Spreading the wealth-8: On living simply and with dignity

I knew an old couple that lived in Youngstown, Ohio. They had grown up in the Great Depression but later as teachers led comfortable middle class lives. But they never forgot their hard beginnings. I remember being their weekend house guest about thirty years ago and noticed that the bars of soap in the bathroom and kitchen rested on their narrow faces, not the usual broad one. When I asked them about it, they said that this way there was less waste of soap from seepage due to contact with the counter surface.
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Spreading the wealth-7: More on the opposition

In the previous post, I said that the arguments in favor of having a more progressive tax system are so obvious that it was an interesting exercise to see why even those who would directly benefit from it still oppose it. I suggested some reasons for this behavior and in this post want to explore some more.

Another group consists of those who are still living in the shadow of the Cold War and have been effectively brainwashed to think that any effort to raise the living standards of the less well-off is ‘socialism’. The label socialism has been demonized so much that for such people anything to which that label is attached is automatically a bad thing, even if they do not understand the term and are really poor and would benefit from the proposed plan. Witness how universal, single-payer health insurance is fought by the health insurance-pharmaceutical-physician complex by labeling it as socialism, though the only people who really benefit from not having it are the very wealthy and the health insurance-pharmaceutical-physician complex.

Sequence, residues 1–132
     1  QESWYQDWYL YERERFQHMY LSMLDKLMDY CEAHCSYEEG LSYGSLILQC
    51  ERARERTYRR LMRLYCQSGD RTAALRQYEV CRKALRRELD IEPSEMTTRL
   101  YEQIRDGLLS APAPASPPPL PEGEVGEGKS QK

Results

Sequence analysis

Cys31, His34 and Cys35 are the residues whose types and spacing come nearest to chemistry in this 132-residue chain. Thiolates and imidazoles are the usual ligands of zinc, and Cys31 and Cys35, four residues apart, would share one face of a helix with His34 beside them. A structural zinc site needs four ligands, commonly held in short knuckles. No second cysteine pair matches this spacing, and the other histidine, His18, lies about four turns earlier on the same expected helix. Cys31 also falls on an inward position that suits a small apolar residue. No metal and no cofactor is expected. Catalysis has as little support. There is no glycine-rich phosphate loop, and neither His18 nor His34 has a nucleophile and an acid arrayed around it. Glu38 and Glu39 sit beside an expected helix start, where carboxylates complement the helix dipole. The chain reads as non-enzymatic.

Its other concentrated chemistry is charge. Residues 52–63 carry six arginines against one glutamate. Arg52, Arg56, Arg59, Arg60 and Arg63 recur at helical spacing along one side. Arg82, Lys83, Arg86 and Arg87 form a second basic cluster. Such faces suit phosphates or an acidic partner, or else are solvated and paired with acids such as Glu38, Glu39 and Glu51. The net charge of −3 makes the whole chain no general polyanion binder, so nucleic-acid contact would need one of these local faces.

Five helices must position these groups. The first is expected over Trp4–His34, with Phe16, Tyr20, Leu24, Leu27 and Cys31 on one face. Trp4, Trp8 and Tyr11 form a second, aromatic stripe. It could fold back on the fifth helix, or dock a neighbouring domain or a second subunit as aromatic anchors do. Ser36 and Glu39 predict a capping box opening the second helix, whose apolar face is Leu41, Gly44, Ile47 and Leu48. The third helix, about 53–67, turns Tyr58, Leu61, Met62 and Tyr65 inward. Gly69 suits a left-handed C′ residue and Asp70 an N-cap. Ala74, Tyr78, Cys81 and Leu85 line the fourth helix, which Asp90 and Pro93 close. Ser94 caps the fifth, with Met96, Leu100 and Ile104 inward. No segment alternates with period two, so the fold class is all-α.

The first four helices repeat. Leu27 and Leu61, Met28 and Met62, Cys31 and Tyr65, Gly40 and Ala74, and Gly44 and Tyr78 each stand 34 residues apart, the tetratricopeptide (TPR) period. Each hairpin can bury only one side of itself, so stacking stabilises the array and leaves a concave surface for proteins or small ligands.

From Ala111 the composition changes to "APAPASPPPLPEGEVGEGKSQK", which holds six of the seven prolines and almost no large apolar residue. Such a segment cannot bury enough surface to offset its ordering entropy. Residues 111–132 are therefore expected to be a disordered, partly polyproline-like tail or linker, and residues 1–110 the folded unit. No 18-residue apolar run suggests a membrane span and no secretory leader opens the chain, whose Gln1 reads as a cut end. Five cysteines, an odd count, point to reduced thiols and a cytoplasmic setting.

This group of people have completely bought the myth sold to them by the rich that we would all be better off if we let a very few people make and keep as much money as they can by whatever means. It is this group that the McCain-Palin rhetoric is aiming at.

The instinctive siding of such people with the ‘plight’ of someone who makes $250,000 or more even while they make a small fraction of that and have little or no chance of ever joining those ranks reveals the depth and extent of this brainwashing. They may be finding it hard to pay the rent or the mortgage, they may be fearful of losing their jobs, they may have little or no health care, they may be living in decaying neighborhoods that cannot provide basic services, but somehow they think the very rich and the giant corporations and Wall Street are on the same side as them and deserve to have even more money. Such people are simply not thinking things through.